Epic was on the verge of its next and its biggest success.
This strategy of giving the software away for free, like with shareware back in the day, let the Unreal Engine spread far and fast. It became the industry standard. It was easy to hire programmers who knew how to use it. And the royalty policy let the big successful games made with the Unreal Engine subsidize all the projects that didn’t make money. Profits from the Unreal Engine powered Epic Games’ balance sheet for a couple of years. But by 2017, Epic was on the verge of its next and its biggest success.
As Parkin remembers it, the initial version of Fortnite was not a smash hit. It was a game where you basically roam around on an island and shoot stuff. But then Epic tweaked it: It came up with a mode of play where instead of it being you against the computer, it’s you against 99 other real human beings out there on the internet, all of you engaging in a brutal fight to the death. This new mode of play was called “battle royal.” Fortnite wasn’t the first video game with a battle royal mode, but it perfected it with fluid and intuitive gameplay powered by the Unreal Engine.
The graphics were fun and lively, not dark and scary like in most fighting games. Fortnite was violent, but the violence was just cartoony enough that parents could stomach their kids playing the game. Once the battle royal mode was introduced, Fortnite v bucks generator took off at an absurd pace. Epic Games is a privately held company, so hard numbers can be difficult to come by, but estimates suggest that as of the end of last year, Fortnite had amassed 250 million players worldwide and was collecting as much as $370 million a month, with Epic clearing a profit of bout $3 billion a year. The company as a whole has been valued at $15 billion, and its investors include Disney and the Chinese megaconglomerate Tencent.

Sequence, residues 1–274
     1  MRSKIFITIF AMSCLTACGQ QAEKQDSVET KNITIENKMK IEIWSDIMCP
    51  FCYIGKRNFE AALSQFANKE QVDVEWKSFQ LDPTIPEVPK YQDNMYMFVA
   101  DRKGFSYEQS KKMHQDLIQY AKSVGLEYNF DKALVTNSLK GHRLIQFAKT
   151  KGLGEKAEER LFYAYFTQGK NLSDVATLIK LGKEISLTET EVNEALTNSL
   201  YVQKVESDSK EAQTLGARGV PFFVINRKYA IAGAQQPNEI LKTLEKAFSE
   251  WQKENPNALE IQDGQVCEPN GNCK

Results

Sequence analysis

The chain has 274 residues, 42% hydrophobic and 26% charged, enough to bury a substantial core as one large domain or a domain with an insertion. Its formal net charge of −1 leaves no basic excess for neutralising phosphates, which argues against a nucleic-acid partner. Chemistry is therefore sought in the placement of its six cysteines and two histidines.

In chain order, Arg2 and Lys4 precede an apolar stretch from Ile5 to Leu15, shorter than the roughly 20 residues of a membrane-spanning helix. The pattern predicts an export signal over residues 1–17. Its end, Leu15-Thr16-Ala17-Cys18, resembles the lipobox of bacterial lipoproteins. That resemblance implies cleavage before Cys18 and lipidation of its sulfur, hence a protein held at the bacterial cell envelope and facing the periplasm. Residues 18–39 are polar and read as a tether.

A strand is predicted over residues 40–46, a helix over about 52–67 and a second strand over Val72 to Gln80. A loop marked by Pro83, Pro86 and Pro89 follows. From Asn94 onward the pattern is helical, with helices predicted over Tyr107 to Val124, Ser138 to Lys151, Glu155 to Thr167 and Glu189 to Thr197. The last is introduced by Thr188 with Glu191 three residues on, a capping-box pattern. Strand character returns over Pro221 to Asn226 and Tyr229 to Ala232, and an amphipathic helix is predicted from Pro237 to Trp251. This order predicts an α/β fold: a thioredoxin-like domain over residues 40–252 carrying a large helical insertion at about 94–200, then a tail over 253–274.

So what in particular explains the absolutely phenomenal success of his video game Fortnite? There’s that idea of iteration, of constantly tweaking your products and trying out new ideas. Simon Parkin gives an example: “Fortnite for a little while had spy planes, so players could team up and get in an airplane and fly around. They’ll try it out for a few weeks, they’ll see how it affects the balance of the game, and then they’ll take it out again if it’s not working. And there are hundreds of examples of things that they’ve put into Fortnite, tried for a bit, and taken out. So the game is being constantly refined at very regular, well-organized intervals.”
And then there’s the idea of offering the goods gratis, the freemium model. Just like his early hit, ZZT, Fortnite is free to play. You give people a taste, but once they start playing and they love the game, Epic will start selling them things. You can buy special costumes for your character to wear inside the game, or you can buy the ability for your character to do special dances. To be clear, these don’t have anything to do with winning the game. They don’t make your character any stronger, but people will still pay real money for this imaginary stuff.
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In terms of sheer cultural ubiquity, Fortnite might have peaked a year or two ago, but the game is still a powerhouse. And during the quarantine that’s happened due to the coronavirus, Fortnite has once again become a favorite place for people to hang out together, virtually. Fortnite even recently added a “Party Royale” mode, where there’s no shooting of guns, just shooting the breeze in various nonviolent contexts, which aligns with some of Sweeney’s grander ambitions. Even before the pandemic that shut down real-world gatherings, Sweeney spoke a lot about virtual reality and how he believes that in the near future, we’ll be spending a ton of our time in the virtual realm, conducting business, making friends, and doing everything else we do in real life, but doing it in a constantly updating, beautifully rendered 3D world, the kind of world the Unreal Engine is designed to create. The onset of social distancing is only accelerating our shift to virtual spaces like Fortnite.
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